Hayley Simmons

Answering your retail marketing questions

Marketing is an area many businesses struggle with. We asked retailers to send consultant Hayley Simmons their most vexing questions for her advice on what they should and shouldn’t be doing to market their business.

Q: How do I make regular posts on social media more interesting?

A: Before-and-after posts are great, but often showrooms don’t have the volume to rely solely on them for content. Rather than focus on the whole project, think about all the decisions that you and the customer had to make during the design process and focus on educating future customers. Post about each key decision and get plenty of close-up shots of different features. This will highlight your expertise and personalised service. You can also post your work in progress. How about an image or quick video of you putting a mood board together? Or show one of your team working in CAD? Showing the people behind the business and the process is difficult for bigger retailers – this is where you can get the edge. And learn how to use a design tool like Canva to produce graphics, so you’re not relying solely on finished photography.

Q: Is a marketing strategy a ‘one size fits all’ or is it a geographical approach?

A: Remember we’re not only trying to reach the right people, we’re also trying to reach them with a compelling message – why they should buy from you. You can use search engines, print and social media, but how much weight you give each one could be different and what you say should definitely be different. Showroom location can impact how much you need to spend. A high-footfall location, for example, may need less investment.

Q: Drip-feeding throughout the year is one tactic, but short bursts is another. Which one is best?

A: Doing both at the same time is the best way if you can. Larger retailers often do brand marketing all year round, with short bursts for offers, new launches, seasonal events, etc. With marketing, you are playing the long game as well as the short one.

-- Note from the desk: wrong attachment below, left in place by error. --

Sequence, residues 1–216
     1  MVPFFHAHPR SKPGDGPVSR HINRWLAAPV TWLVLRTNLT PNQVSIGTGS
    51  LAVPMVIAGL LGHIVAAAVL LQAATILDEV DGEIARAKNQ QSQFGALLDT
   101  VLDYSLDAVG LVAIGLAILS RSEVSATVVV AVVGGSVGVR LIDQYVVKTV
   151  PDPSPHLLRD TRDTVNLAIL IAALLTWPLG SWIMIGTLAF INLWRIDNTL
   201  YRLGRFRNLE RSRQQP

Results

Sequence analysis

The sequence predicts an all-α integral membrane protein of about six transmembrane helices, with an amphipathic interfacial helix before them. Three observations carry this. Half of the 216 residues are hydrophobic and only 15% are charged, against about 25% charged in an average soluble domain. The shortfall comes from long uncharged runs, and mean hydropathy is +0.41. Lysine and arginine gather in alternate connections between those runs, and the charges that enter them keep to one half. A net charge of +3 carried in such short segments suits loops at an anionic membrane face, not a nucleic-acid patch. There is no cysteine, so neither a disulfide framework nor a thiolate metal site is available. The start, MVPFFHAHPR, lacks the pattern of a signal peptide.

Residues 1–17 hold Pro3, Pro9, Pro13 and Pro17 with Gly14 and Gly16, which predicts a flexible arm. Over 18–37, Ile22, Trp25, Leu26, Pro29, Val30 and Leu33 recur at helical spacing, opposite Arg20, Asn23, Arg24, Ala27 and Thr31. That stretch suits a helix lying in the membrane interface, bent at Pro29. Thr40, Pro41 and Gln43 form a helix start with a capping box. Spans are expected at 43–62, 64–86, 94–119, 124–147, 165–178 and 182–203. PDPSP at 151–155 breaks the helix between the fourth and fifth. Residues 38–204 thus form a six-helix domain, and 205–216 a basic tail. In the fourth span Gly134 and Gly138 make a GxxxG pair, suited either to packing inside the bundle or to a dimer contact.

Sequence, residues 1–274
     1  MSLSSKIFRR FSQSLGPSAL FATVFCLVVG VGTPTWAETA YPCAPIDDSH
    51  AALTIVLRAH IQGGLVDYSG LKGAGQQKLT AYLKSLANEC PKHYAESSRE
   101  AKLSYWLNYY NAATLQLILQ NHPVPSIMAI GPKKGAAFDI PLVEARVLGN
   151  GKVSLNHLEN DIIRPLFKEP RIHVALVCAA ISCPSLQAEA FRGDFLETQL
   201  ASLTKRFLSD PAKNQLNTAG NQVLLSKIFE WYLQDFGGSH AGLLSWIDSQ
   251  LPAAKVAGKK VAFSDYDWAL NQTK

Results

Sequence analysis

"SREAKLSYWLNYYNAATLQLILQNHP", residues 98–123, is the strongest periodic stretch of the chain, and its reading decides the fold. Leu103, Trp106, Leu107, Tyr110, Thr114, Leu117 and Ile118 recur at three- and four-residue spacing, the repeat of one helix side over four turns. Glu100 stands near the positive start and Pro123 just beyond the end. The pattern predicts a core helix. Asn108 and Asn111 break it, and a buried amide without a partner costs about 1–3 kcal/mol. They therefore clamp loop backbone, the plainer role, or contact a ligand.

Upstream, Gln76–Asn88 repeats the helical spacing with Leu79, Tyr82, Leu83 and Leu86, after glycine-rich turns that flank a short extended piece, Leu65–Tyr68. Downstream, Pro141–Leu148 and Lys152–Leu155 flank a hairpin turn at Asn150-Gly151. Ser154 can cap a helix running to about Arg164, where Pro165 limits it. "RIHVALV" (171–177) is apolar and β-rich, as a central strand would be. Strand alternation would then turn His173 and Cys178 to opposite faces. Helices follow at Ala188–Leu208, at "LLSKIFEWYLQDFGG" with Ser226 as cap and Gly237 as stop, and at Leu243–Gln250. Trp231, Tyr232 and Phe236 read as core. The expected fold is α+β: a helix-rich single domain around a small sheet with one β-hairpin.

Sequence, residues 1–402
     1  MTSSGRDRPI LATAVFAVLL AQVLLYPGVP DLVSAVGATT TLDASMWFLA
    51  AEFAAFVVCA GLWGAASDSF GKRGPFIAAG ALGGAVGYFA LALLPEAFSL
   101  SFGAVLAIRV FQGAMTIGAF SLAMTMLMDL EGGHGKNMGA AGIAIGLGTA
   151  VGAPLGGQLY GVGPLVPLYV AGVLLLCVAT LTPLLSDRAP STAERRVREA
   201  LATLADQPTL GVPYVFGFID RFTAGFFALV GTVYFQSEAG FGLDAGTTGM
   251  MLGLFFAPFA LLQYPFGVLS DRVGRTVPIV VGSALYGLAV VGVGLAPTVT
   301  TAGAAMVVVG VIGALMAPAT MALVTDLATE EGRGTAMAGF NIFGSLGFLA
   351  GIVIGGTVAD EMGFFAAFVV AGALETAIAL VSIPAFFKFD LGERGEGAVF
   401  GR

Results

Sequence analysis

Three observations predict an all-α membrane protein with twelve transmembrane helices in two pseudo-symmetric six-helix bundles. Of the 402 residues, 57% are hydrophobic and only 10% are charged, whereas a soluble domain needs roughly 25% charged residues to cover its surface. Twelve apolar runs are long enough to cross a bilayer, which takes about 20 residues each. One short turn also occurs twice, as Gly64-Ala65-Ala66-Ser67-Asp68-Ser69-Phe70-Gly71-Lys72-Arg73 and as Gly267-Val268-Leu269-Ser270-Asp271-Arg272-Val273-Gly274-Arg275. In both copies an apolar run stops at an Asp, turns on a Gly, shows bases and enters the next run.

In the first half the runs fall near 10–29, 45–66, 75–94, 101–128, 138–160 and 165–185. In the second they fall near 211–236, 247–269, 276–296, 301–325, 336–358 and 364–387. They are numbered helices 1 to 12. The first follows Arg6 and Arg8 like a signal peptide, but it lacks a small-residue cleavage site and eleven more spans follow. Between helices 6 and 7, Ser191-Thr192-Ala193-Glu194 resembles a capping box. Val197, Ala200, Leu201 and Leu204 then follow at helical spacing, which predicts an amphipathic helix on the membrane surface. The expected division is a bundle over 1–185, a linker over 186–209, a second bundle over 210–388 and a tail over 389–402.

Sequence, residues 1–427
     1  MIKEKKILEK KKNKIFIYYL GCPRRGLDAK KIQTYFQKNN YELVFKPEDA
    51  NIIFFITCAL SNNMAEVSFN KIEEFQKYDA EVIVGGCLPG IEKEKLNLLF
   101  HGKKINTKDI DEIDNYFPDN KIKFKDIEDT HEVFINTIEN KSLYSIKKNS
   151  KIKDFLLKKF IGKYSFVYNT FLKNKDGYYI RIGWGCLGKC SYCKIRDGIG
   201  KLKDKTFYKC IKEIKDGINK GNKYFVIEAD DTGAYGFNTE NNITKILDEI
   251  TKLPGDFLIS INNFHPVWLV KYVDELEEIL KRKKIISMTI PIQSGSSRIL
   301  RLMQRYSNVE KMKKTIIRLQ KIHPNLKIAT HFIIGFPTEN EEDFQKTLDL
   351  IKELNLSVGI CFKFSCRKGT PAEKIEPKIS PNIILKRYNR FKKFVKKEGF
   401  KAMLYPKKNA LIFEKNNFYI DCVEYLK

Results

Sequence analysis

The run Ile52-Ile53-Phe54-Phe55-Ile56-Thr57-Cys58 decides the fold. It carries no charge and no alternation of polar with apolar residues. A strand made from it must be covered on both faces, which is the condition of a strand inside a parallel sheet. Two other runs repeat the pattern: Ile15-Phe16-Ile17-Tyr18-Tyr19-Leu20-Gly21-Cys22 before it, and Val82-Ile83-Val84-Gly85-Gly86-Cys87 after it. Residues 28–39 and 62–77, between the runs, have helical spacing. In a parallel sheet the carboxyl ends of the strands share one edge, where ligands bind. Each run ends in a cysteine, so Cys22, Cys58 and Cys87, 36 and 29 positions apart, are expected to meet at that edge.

Q: We don’t normally market or advertise ourselves, everything is generated from word of mouth. We get good footfall without spending any extra and would be reluctant to add another cost to our bottom line. What are your thoughts?

A: It’s great that you’ve built enough of a reputation to sustain your sales. If you’re happy with your level of turnover and it’s not declining then I don’t have a strong opinion on your approach. However, if you want to grow the business or if sales are declining even gradually, then it means there are fewer customers to talk about you to future clients, which will lead to a downward spiral. This feels a little risky. If you are going to invest in marketing the business, it has to be with the goal of growing the top line to grow the bottom line. Initially, it will be a cost, but ultimately it should pay back and a lot more. How much you need to spend, sadly, is often down to how much you can do yourselves and how much you need to outsource. I would get some advice and quotes about your specific business and location and start with a level that feels comfortable and progress from there.

Q: I find that social media advertising only attracts low-budget customers. How can I change that?

A: Target the right locations and exclude the wrong ones. Experiment with targeting specific interests that align with your ideal customer. Also, how you talk about your brand can make a difference. I measure the success of paid social media ads by how many people they reach for the cost and how many click-throughs they get. I also look at organic traffic and searches in Google for the brand name. I don’t attribute leads directly to social media vs Google or other activity because we can’t measure it properly and the KBB purchase journey is so long that a social media advert could prompt a Google search or showroom visit months down the line.

Q: Should we be advertising on Instagram and Google and do lots of followers translate into leads and orders?

A: It’s important not to focus too much on the distinction between digital and ‘traditional’ marketing methods. It’s wise to do both if you can. If you test something new, you need to measure it in the right way. For customers actively searching for a showroom, Google is best. Over 90% of searches are via Google. You want to see people from Google ads calling, messaging and filling out contact forms. Social media plays a different role. People visit and browse, but don’t always follow you – and followers don’t necessarily become customers. Organic posts can help people progress from being aware about you to taking the next step. Paid social media ads are a cost-effective way to reach new people in your area and build targeted awareness
of your business for when they’re ready to buy. Print ads are great if you focus your budget on relevant publications. Advertising works best if you can split your budget across a few different media types.

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